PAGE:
The madness was near unprecedented. League officials awarded the Mason Cup to the Mavericks, the fans exited the arena and both teams left the ice. But the controversy surrounding the apparent game-winner boiled into a full-on investigation. Finally, the league called everyone back and returned the score to 1-1.

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“It was a little bit confusing about what was going on there,” fifth-year forward Ethan Somoza said. “But we were just trying to stay ready in the locker room, just get Gatorade in us, get our sticks ready, keep our legs loose. I mean, we had to sit around for a while, but we were doing whatever we could to stay loose, and eventually we were called back on the ice.”

“I thought the most important thing was that we get the call right,” CCHA commissioner Don Lucia said after the game. “If it's a no goal and Bemidji State is eliminated, their season ends on that, I think that's very difficult to stomach.”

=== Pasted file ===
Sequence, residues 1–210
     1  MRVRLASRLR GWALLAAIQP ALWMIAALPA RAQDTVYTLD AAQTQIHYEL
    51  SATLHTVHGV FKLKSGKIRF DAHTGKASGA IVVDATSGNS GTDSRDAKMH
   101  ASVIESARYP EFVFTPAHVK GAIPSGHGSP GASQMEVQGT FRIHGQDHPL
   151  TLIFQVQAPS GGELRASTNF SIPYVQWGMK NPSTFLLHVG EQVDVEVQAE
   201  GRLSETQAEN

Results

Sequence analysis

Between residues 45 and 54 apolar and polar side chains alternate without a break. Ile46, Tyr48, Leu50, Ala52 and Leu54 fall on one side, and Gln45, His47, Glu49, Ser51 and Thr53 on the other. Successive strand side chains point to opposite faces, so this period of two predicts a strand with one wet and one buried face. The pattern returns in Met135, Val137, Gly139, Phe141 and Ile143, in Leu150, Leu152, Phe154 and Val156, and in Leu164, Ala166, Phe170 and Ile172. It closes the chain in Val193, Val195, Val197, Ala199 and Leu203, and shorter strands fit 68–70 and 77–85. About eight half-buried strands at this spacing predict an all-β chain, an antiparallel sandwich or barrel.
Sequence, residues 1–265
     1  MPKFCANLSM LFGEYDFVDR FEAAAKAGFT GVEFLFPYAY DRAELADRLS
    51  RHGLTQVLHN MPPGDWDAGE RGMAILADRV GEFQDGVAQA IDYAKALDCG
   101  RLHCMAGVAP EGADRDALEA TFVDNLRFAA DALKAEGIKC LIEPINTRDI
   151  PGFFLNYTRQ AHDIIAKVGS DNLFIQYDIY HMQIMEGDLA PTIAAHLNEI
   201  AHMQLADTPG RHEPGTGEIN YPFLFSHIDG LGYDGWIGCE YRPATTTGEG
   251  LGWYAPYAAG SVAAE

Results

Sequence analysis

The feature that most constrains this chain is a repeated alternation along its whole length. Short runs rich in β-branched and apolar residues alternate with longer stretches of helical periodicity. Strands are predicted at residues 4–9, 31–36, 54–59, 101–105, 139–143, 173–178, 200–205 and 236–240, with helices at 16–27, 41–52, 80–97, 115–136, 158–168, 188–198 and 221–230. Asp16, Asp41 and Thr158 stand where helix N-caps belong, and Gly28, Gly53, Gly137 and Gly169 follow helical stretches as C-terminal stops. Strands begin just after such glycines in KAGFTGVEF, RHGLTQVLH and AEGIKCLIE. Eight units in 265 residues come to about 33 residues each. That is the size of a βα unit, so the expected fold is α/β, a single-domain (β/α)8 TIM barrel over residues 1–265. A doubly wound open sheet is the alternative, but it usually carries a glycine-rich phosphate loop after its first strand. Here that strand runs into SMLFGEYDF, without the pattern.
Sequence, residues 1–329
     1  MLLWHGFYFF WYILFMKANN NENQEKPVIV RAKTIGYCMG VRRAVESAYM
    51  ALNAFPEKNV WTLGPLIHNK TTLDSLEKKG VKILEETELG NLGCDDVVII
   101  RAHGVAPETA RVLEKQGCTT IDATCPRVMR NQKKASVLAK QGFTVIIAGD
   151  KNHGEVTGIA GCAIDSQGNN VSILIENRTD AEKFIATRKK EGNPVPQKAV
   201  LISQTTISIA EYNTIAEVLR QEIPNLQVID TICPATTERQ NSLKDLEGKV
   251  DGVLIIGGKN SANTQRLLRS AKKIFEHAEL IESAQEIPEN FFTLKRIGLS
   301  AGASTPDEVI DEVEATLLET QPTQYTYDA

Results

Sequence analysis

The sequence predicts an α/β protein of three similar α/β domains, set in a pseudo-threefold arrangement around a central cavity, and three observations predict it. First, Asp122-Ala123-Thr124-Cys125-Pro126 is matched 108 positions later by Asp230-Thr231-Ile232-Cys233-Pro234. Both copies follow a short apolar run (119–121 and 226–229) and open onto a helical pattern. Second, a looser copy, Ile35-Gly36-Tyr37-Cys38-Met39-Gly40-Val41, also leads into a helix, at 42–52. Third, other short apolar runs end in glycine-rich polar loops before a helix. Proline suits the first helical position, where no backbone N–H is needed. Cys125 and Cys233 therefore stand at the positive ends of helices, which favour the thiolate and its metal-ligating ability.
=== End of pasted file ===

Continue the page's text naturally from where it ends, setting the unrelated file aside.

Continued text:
After winning three straight playoff games to reach the championship round, the Beavers (19-20) pushed the top-ranked Mavericks (35-5) to the brink, scoring first to take a 1-0 lead and ultimately forcing the extra session after MSU tied it. But even after the disallowed goal, it was once again Minnesota State that took home the hardware.

“(We were) just excited for a second life there when they told us we were going back,” Somoza said. “You think everything’s over, and then they bring you out, you got a second life. They got another one and ended it, but we were excited and we were hopeful when we got back out there again.”

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Dejected Bemidji State goalie Mattias Sholl (30) laments the 2-1 overtime loss to Minnesota State before the goal was called off in the CCHA Mason Cup Championship game on Saturday, March 19, 2022, in Mankato.
Jillian Gandsey / Bemidji Pionee